On February 8, 1989, Plesinski entered a conditional plea of guilty pursuant to Fed.R.Crim.P. 11(a)(2)2 to the 1985 conspiracy count, thereby preserving his right to appeal the denial of the motion to dismiss or disqualify Feldman. At the government's request, the remaining four counts of the second superseding indictment were dismissed. On February 9, 1989, Feldman was properly appointed as a Special Assistant U.S. Attorney by Director Cinciotta. On April 3, 1989, Feldman appeared on behalf of the government at sentencing, wherein Plesinski was sentenced to nine years imprisonment pursuant to 18 U.S.C. Sec. 4205(b)(2). This timely appeal followed.



We review de novo the district court's refusal to dismiss the indictment for prosecutorial misconduct. United States v. Spillone, 879 F.2d 514, 520 (9th Cir.1989).3 The district court's refusal to disqualify the prosecutor is reviewed for abuse of discretion. See United States v. Bolton, 905 F.2d 319, 321 (10th Cir.1990).




At the onset, the government argues that Plesinski may not collaterally attack the validity of Feldman's appointment in this criminal proceeding, but rather must pursue it in a separate proceeding for that purpose. See United States v. Mitchell, 136 F. 896 (C.C.Or.1905). We disagree.


In Mitchell, the defendant filed "pleas of abatement"4 challenging the indictment on the grounds the grand jury was not "regularly" impaneled and the special prosecutor bringing the indictment was improperly appointed. In considering the pleas pretrial, we held, inter alia, that a court-appointed special prosecutor's "right to the office cannot be collaterally attacked." Id. at 906.


[I]f the office has been lawfully established and a person exercises the functions thereof by color of right, but whose election or appointment thereto is illegal, his official acts therein cannot be successfully attacked in collateral proceedings, but in all such proceedings will be valid and binding until the officer is ousted by the judgment of a court in a direct proceeding to try his title to the office.


Id. (quotation omitted).


The holding of Mitchell is inapplicable in this case because Plesinski is not "collaterally attacking" Feldman's appointment. Unlike the defendant in Mitchell who filed a "plea of abatement" action to test the prosecutor's authority pretrial, Plesinski is challenging Feldman's authority in a direct appeal following his conviction. Both the Supreme Court and this court have permitted similar challenges to the authority of the specially-appointed prosecutor on appeal from a criminal conviction. See Young v. United States ex rel. Vuitton et Fils S.A., 481 U.S. 787, 107 S.Ct. 2124, 95 L.Ed.2d 740 (1987) (reversal of contempt conviction on the grounds the court improperly appointed the beneficiary of the contempt order to prosecute the defendant for an alleged violation of that order); United States v. Hawthorne, 626 F.2d 87, 89-90 (9th Cir.1980) (per curiam). Accordingly, Plesinski may challenge Feldman's authority to act as a special assistant U.S. attorney in this appeal.



Plesinski argues that the district court erred in refusing to dismiss the indictment or disqualify Special Assistant Feldman. Plesinski raises three arguments as to why Feldman's appointment was ineffective: (A) the appointments clause required that the Attorney General personally appoint Feldman; (B) assuming the Attorney General may delegate his appointment powers, the chain of delegation was flawed; and (C) Feldman acted without authority because he did not renew the oath of office after the second extension of his appointment on May 2, 1988.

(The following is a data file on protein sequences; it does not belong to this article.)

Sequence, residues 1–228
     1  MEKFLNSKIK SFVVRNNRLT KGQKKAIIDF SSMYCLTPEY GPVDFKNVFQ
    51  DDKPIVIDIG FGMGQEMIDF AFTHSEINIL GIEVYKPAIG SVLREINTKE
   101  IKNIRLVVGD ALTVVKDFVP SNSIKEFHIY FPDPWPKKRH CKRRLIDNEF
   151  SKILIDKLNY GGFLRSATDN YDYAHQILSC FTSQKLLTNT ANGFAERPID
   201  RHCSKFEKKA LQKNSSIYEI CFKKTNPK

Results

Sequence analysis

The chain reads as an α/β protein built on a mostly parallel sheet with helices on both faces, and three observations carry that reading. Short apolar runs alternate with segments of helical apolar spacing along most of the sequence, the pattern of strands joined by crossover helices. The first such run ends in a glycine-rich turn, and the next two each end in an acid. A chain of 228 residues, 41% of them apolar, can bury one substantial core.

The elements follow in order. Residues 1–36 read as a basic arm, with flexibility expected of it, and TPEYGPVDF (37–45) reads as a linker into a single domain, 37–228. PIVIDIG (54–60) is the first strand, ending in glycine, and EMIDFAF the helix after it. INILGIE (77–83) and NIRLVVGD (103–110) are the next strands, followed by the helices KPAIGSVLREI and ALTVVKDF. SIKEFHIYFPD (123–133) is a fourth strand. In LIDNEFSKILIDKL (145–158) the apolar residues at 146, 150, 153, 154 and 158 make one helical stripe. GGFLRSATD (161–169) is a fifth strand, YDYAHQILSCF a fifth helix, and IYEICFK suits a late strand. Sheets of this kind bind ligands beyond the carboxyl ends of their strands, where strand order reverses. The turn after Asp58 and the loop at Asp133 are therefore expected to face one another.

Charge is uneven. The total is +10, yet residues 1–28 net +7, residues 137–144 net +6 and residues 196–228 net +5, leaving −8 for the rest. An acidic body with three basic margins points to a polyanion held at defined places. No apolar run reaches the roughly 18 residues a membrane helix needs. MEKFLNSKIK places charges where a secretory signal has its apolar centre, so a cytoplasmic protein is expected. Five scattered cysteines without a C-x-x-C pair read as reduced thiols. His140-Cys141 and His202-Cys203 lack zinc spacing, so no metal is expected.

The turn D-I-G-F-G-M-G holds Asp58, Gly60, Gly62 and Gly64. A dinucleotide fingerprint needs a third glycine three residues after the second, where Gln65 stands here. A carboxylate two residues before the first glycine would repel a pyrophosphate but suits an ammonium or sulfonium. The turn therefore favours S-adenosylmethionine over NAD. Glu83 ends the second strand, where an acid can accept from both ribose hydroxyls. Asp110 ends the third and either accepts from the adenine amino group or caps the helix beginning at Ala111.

A. Appointments Clause


Plesinski argues that Feldman was not authorized to participate in the prosecution because he was not personally appointed by the Attorney General to serve as a Special Assistant U.S. Attorney. Plesinski maintains that the appointments clause of the United States Constitution prohibits the Attorney General from delegating his power to appoint special assistant U.S. attorneys.


The appointments clause provides in pertinent part:


[The President] shall nominate, and by and with the Advise and Consent of the Senate, shall appoint Ambassadors, other public Ministers and Consuls, Judges of the Supreme Court, and all other Officers of the United States, whose Appointments are not herein otherwise provided for, and which shall be established by Law: but the Congress may by Law vest the Appointment of such inferior Officers, as they think proper, in the President alone, in the Courts of Law, or in the Heads of Departments.


U.S. Const. art. II, Sec. 2, cl. 2 (emphasis added). Congress thereafter vested in the Attorney General, the head of the Department of Justice, the authority to "appoint attorneys to assist United States attorneys when the public interest so requires." See 28 U.S.C. Sec. 543(a). Plesinski argues that section 543 represents an exercise of Congress' power under the appointments clause and therefore the Attorney General "alone" had to appoint Feldman and that such appointment authority could not constitutionally be delegated to lesser officials. We disagree.


Congress has passed legislation which permits the Attorney General to "make such provisions as he considers appropriate authorizing the performance by any other officer, employee, or agency of the Department of Justice of any function of the Attorney General." See 28 U.S.C. Sec. 510. Several courts have held that the Attorney General may, pursuant to section 510, redelegate his authority to appoint special assistants to the Attorney General under 28 U.S.C. Sec. 515(a)5 to subordinates in the Department of Justice. See United States v. Cravero, 545 F.2d 406, 410 (5th Cir.1976), cert. denied, 430 U.S. 983, 97 S.Ct. 1679, 52 L.Ed.2d 377 (1977); United States v. Agrusa, 520 F.2d 370, 372 (8th Cir.1975). We have also noted in dictum that the argument "the Attorney General is without authority to delegate his power to [appoint] government attorneys" under section 515(a) is "without merit." See United States v. Prueitt, 540 F.2d 995, 1000 (9th Cir.1976), cert. denied, 429 U.S. 1063, 97 S.Ct. 790, 50 L.Ed.2d 780 (1977).